At the conclusion of Charleston's sermon, many in the audience arose, applauded, and shouted their approval. In setting a lighter tone prior to delivering his sermon, he joked, "The hard part of my job today is over. I made it up these stairs without tripping. Praise the Lord and good day."

To reach the pulpit, one must ascend a steep set of stairs.

Archbishop Tutu, during the press conference following the ordination service, echoed Charleston's admonitions of inclusiveness. When asked his reaction to the ongoing controversy pertaining to the elevation of the gay priest, TuTu answered, "God's family has no outsiders. Everyone is an insider."

The 72-year-old Tutu was instrumental in dismantling the policy of apartheid in South Africa and has played a major role on the world stage for decades. Most recently he was an outspoken critic of President George W. Bush's decision to initiate the war with Iraq.

His involvement, dedication and enthusiasm was a major influence in his daughter's decision to follow in his footsteps, she confirmed. The 40-year-old Mpho, married and the mother of a seven-year-old daughter, resembles her father both in looks and personality, from her pronounced jaw to her quick and impish wit.

Born in London, where her father was a student, Mpho grew up in South Africa when apartheid was the law of the land. In 1984, when Desmond Tutu was awarded the Nobel Peace Prize, Mpho was a mechanical engineering student at Howard University but never finished, deciding instead to follow other pursuits.

After her marriage in the early '90s, the coupled moved to Massachusetts where she began volunteering at the Episcopal church. In 1999, she entered Episcopal Divinity School, Cambridge, Mass., where she completed her schooling four years later.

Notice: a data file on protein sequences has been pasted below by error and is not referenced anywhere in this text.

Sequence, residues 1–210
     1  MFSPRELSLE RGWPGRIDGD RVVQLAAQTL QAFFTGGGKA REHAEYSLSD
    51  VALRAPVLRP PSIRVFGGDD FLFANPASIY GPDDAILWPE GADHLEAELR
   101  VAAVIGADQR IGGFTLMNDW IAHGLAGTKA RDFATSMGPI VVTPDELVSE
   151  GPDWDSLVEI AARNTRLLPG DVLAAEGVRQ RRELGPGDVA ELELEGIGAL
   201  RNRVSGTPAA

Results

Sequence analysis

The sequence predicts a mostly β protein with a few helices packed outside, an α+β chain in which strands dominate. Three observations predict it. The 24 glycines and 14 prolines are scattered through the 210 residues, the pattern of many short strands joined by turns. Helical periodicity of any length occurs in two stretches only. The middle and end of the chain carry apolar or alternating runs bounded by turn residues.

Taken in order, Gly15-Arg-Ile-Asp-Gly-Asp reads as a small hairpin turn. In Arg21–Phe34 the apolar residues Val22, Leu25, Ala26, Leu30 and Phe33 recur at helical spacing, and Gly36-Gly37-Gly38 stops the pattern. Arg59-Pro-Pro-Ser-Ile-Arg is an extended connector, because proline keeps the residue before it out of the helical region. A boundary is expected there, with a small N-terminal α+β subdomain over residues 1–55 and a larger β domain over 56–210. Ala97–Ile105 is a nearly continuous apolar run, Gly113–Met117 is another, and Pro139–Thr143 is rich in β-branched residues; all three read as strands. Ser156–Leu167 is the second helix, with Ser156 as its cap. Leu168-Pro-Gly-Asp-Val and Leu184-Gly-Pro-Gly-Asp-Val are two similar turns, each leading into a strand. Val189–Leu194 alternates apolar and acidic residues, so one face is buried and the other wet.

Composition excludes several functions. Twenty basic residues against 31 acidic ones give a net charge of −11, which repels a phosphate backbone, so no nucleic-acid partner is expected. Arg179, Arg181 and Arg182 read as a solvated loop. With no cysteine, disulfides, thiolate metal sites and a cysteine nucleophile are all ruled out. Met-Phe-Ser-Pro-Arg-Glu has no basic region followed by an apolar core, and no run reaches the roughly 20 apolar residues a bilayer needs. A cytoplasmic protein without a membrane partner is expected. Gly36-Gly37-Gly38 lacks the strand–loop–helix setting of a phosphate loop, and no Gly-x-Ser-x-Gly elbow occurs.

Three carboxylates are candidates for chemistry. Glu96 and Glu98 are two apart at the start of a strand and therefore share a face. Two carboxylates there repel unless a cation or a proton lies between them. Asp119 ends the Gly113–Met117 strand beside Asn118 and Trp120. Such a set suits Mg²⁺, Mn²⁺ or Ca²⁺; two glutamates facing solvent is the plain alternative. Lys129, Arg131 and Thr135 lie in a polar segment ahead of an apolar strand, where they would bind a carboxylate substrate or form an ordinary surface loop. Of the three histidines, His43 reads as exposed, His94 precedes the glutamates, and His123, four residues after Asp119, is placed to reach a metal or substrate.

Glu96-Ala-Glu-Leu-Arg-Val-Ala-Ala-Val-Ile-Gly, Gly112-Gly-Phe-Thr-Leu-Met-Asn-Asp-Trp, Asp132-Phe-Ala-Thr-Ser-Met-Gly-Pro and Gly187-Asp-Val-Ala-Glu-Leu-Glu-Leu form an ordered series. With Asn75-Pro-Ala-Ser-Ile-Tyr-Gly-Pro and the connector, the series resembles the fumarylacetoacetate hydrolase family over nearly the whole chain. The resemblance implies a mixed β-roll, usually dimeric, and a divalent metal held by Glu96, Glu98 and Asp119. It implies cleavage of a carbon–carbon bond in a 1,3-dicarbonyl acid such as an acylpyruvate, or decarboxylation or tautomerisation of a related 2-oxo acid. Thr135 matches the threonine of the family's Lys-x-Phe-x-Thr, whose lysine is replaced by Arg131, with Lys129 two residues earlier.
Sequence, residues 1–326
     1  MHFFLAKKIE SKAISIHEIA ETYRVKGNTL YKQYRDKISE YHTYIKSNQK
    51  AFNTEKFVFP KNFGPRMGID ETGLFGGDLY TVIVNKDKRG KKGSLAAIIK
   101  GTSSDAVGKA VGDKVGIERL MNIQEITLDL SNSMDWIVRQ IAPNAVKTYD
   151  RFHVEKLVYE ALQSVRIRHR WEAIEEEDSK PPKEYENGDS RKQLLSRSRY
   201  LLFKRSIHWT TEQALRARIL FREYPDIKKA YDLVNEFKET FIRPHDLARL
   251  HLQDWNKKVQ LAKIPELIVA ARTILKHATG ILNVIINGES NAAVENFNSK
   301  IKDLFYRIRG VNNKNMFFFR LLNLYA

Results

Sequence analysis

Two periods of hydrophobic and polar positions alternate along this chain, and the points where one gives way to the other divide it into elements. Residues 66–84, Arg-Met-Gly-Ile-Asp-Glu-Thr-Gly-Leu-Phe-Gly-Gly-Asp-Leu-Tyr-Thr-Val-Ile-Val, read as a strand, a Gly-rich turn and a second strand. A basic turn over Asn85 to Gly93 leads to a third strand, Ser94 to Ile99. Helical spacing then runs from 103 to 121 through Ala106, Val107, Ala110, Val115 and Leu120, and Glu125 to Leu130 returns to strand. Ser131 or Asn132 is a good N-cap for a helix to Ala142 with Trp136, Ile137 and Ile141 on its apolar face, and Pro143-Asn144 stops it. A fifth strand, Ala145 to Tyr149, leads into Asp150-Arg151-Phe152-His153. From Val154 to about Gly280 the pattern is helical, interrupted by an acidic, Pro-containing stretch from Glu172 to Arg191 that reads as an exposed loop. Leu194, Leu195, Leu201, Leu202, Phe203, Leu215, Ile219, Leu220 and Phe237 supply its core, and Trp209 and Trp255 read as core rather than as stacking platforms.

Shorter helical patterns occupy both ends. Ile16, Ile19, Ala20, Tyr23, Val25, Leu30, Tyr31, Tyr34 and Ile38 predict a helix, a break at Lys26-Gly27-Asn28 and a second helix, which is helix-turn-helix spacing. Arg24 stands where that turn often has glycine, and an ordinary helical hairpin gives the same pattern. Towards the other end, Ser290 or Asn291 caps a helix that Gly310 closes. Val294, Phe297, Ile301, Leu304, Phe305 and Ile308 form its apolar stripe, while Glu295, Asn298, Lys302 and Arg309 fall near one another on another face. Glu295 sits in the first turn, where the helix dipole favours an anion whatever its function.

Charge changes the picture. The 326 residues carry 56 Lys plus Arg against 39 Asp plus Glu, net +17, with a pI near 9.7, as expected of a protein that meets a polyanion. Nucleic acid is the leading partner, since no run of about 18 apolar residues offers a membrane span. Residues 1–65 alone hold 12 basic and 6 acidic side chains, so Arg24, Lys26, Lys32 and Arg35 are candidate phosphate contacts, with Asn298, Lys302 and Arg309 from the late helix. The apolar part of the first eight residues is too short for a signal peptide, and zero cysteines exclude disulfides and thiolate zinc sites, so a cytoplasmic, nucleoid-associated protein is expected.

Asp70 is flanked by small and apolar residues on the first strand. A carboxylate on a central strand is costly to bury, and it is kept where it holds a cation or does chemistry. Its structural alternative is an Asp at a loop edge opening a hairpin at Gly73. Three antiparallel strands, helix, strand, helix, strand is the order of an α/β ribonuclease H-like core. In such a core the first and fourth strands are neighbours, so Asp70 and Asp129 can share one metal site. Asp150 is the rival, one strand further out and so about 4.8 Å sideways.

This past June, Mpho and the three other ordinands, entered the internship program at Christ Church which is funded by Lilly Endowment, Inc. The program, which operates nationwide, affords aspiring clergy the opportunity to develop under the guidance of experienced priests.

Each of the four new priests has a special area of interest. Mpho hopes to concentrate her ministry on helping women. Pae, 32, from Long Island, N.Y., a Yale Divinity School graduate, plans to concentrate on diverse ethnicity among young adults. Overstone, 25, hails from San Diego, and has set a goal as a minister to college students. Burns, the oldest of the four at 46, from Iowa, sees his calling as ministering to Native Americans.

AMONG THOSE in attendance and introduced by Christ Church rector, The Reverend Pierce W. Klemmt, during the ceremony, were Alexandria Mayor William D. Euille and U.S. Representative James P. Moran (D-8). Both joined Archbishop Tutu and the others at the courtyard press conference.

Afterward, Euille said, "It was an honor to witness the ceremony and a privilege to be in the company of Archbishop Tutu. This event was an historic moment in a historic church in our historic city."

Euille acknowledged, "Since his [Tutu's] daughter will be at Christ Church for the next year or so, I extended an invitation for him to attend a City Council meeting and visit with the citizens of Alexandria in the near future. He agreed and, hopefully, that will happen in February when we are celebrating Black History Month."

Parishioners at Christ Church got a bonus to that historic moment this past Sunday morning when The Reverend Mpho presided at a morning service and her father gave the sermon. Each of the other new priests presided over additional services that day.